The pH was determined by systronic digital
pH meter (Jackson, 1973). Electrical
conductivity was estimated in the filtered
sample with the help of Elico conductivity
meter bridge (Jackson, 1973). Biological
oxygen demand was calculated by multiplying
organic matter content of sewage water by
0.711 (Schulz, 1938). The chemical oxygen
demand (COD) of sewage water was
determined by open reflux method (Tandon,
1998). Ca2+ was estimated by compleximeteric
titration with standard 0.01 N EDTA and pH12 obtained with the help of NaOH by using
ammonium purpurate as indicator, when pink
colour of the solution changed to purple
(Jackson, 1973). Mg2+ was estimated by
titrating with 0.01N EDTA by buffering the
solution to pH 10 with NH4Cl-NH4OH buffer
by using Erichrome black T indicator
(Jackson, 1973). Na+ was determined by flame
photometer with the help of a standard curve
outlined by (Jackson, 1973). K+ was
determined by flame photometer with the help
of a standard curve outlined by (Jackson,
1967). CO32- and HCO32-was estimated by
titrating a known volume of the sewage water
with standard H2SO4 first in the presence of
phenolphthalein and then with methyl red
indicator (Richards, 1954). Cl- was determined
by titrating with standard (0.02 N) AgNO3
solution using potassium chromate as
indicator. The end point was obtained when
white precipitate of AgCl change to brick red
colour suggesting complete precipitation of
chloride with Ag (Richards, 1954). SO42- was
determined by EDTA-titration method as

Chemical and biological composition of
sewage and non-sewage water in some cities
of Haryana is presented in table 1. The pH
value of sewage water was found higher (8.49
to 8.58) in the sewage water of Kaithal
followed by Kurukshetra (8.31 to 8.36),
Narwana (8.10 to 8.40), Jind (8.00 to 8.42)
and Charkhi Dadri (8.00 to 8.12). The mean
pH value of the sewage water collected from
all the sites was higher (8.54) as compared to
the pH of non-sewage water (8.22). The pH of
sewage water ranged from 8.00 to 8.58
whereas it was ranged from 7.80-8.28 in nonsewage water. The EC value of sewage water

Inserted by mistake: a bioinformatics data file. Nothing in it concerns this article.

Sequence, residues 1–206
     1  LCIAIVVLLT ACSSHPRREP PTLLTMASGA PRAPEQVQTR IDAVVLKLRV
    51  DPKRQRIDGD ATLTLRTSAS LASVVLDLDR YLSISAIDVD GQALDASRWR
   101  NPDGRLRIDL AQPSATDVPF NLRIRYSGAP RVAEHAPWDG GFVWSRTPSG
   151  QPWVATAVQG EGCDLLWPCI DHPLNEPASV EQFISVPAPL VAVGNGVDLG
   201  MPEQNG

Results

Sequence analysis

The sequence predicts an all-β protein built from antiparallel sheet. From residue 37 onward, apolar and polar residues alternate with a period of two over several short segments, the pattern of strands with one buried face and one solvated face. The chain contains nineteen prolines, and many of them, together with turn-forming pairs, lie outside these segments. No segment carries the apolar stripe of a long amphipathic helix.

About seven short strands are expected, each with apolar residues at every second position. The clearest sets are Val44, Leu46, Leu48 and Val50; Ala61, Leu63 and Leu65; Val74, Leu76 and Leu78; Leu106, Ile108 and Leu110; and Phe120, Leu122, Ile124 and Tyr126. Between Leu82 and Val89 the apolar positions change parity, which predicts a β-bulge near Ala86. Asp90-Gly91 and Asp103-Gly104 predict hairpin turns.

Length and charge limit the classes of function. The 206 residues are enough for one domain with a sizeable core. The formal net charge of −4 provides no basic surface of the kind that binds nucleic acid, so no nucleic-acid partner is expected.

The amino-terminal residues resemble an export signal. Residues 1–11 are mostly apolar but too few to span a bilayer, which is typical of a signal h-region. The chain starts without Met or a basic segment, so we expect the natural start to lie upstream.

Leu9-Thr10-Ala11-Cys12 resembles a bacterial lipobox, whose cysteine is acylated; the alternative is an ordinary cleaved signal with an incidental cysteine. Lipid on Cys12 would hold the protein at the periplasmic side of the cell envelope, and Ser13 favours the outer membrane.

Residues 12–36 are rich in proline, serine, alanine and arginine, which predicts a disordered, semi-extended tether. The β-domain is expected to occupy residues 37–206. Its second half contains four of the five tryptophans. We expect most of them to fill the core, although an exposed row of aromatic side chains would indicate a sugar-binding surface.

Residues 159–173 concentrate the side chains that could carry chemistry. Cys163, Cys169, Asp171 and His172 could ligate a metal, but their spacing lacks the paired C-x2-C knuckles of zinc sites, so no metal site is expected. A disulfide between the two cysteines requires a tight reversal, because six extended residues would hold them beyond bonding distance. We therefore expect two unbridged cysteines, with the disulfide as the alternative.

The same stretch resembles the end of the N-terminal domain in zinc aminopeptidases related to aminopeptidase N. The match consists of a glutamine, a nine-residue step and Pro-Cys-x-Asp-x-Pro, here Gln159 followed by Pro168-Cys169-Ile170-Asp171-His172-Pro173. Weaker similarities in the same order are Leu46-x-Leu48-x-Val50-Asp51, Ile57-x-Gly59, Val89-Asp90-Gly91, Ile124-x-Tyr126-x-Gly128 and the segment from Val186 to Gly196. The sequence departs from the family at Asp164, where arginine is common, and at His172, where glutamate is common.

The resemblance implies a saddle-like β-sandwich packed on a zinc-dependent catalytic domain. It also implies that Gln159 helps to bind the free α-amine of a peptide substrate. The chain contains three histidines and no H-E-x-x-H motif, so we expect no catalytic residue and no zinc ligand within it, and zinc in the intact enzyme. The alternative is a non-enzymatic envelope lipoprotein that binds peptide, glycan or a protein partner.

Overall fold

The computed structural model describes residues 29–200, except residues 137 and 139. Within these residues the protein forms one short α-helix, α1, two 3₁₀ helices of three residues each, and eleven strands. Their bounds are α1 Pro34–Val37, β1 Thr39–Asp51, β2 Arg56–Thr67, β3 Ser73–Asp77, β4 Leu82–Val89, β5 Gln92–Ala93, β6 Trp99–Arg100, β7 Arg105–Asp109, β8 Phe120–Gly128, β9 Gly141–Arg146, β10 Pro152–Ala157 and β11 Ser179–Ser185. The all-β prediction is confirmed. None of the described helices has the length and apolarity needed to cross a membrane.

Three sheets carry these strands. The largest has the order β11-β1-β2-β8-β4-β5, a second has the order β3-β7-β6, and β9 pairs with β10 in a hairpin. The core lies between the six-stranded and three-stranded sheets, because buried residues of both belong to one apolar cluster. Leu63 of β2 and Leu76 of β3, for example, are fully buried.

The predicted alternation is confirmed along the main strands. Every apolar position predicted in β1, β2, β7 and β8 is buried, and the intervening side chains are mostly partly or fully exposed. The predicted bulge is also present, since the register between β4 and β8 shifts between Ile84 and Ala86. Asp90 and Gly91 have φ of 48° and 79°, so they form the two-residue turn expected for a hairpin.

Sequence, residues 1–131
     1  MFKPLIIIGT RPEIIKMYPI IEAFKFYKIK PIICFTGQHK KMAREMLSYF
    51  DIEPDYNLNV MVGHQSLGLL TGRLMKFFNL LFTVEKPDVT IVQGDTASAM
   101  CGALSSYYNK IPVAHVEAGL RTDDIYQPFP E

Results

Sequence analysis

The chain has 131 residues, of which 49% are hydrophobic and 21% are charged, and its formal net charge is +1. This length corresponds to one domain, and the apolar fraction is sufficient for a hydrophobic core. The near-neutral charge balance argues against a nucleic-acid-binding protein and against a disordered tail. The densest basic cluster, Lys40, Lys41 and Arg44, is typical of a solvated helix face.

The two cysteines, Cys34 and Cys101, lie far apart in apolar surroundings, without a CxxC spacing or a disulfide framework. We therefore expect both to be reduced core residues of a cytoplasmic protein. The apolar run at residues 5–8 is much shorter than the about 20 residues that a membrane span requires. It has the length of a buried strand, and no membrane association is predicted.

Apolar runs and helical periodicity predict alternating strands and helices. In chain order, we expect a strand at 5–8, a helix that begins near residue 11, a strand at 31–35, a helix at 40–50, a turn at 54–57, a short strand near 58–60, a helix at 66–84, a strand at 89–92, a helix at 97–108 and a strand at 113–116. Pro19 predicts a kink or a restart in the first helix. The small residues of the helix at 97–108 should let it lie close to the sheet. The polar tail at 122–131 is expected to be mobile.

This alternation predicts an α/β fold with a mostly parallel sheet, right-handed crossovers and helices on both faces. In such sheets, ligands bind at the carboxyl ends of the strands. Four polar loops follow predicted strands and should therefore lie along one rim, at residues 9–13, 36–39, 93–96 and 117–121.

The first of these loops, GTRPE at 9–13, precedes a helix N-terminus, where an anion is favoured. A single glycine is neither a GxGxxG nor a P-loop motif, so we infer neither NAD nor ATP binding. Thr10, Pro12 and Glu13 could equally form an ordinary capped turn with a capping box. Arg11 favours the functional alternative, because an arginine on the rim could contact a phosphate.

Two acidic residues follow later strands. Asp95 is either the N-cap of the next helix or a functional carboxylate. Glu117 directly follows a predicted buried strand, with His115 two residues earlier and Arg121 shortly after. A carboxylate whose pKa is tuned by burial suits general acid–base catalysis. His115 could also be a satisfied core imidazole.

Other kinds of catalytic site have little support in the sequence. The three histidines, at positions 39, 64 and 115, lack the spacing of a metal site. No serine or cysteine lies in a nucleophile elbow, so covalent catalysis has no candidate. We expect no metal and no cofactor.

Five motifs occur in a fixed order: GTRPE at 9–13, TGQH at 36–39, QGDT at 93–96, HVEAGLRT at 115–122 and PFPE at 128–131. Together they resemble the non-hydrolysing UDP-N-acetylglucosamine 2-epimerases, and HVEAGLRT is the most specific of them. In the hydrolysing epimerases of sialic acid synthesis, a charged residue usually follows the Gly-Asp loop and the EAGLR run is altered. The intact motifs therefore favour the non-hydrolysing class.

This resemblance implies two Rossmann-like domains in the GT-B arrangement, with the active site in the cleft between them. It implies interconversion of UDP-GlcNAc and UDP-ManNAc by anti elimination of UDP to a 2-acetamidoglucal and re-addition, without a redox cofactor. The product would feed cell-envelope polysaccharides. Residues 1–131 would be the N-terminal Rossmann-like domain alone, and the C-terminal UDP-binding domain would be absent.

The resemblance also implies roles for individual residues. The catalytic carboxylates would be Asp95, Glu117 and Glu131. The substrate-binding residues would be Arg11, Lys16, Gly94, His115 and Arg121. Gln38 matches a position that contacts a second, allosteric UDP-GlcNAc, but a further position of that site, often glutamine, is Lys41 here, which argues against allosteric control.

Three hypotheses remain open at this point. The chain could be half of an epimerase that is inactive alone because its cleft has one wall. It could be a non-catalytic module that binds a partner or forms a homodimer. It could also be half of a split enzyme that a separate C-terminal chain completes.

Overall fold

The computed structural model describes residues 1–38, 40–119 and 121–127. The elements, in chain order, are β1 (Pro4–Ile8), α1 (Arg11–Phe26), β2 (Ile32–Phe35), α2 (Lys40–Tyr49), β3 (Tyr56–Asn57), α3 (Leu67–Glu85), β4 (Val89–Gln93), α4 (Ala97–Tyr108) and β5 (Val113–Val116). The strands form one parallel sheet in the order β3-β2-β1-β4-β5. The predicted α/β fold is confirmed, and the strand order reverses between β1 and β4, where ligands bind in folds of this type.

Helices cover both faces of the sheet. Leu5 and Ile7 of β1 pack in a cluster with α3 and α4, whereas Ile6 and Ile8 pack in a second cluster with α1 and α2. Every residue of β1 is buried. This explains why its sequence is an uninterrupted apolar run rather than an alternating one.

was found higher (1.63 to 2.18 dSm-1) in the
sewage water of Kaithal followed by
Kurukshetra (1.51 to 1.27 dSm-1), Narwana
(1.08 to 1.57 dSm-1), Jind (1.05 to 1.63 dSm-1)
and Charkhi Dadri (1.04 to 1.13 dSm-1). The
mean EC value of the sewage water collected
from all the sites was higher (1.91 dSm-1) as
compared to the EC of non-sewage water
(0.34 dSm-1). Electrical conductivity of
sewage water ranged from 1.04 to 2.18 dSm-1
where as it was ranged from 0.19 to 0.35 dSm1
in non-sewage water. Similar results were
reported by Singh et al., (2017) during their
survey of five sites in Haryana and revealed
that pH and electrical conductivity of sewage
and industrial effluents irrigated soils was
much higher than tube well water irrigated
soils. Also in the present study the sewage
water had the pH in the range from 8.00 to
8.58 and when it was applied in the soils, it
resulted into slight decrease in the pH (7.70 to
8.40) at 0-15 cm depth while at higher depth

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15-30 cm it was ranged from 7.75 to 8.70. The
decrease in the soil pH due to sewage water
might be ascribed to the reason that sewage
water is slightly alkaline in nature. The EC of
sewage water ranged from 1.1 to 3.8 dSm-1
which may cause salinity in soil and
ultimately restricting the plant growth (Antil,
2012). Similar results were corroborated by
Yadav et al., (2003), Abril (2005), Hussain
(2005) and Sial et al., (2006).

permission limit (100 mg L-1) prescribed for
the effluent to be discharged on land for
irrigation (100 mg L-1, ISI Standard, 1982).
These results corroborated with the findings of
Arora et al., (1985) for municipal waste water
of Ludhiana and according to Yadav et al.,
(2003) and Karthikeyan and Singh (2004) for
sewage waters from different districts of
Haryana State. Similar results were also
reported by Dubey et al., (2007).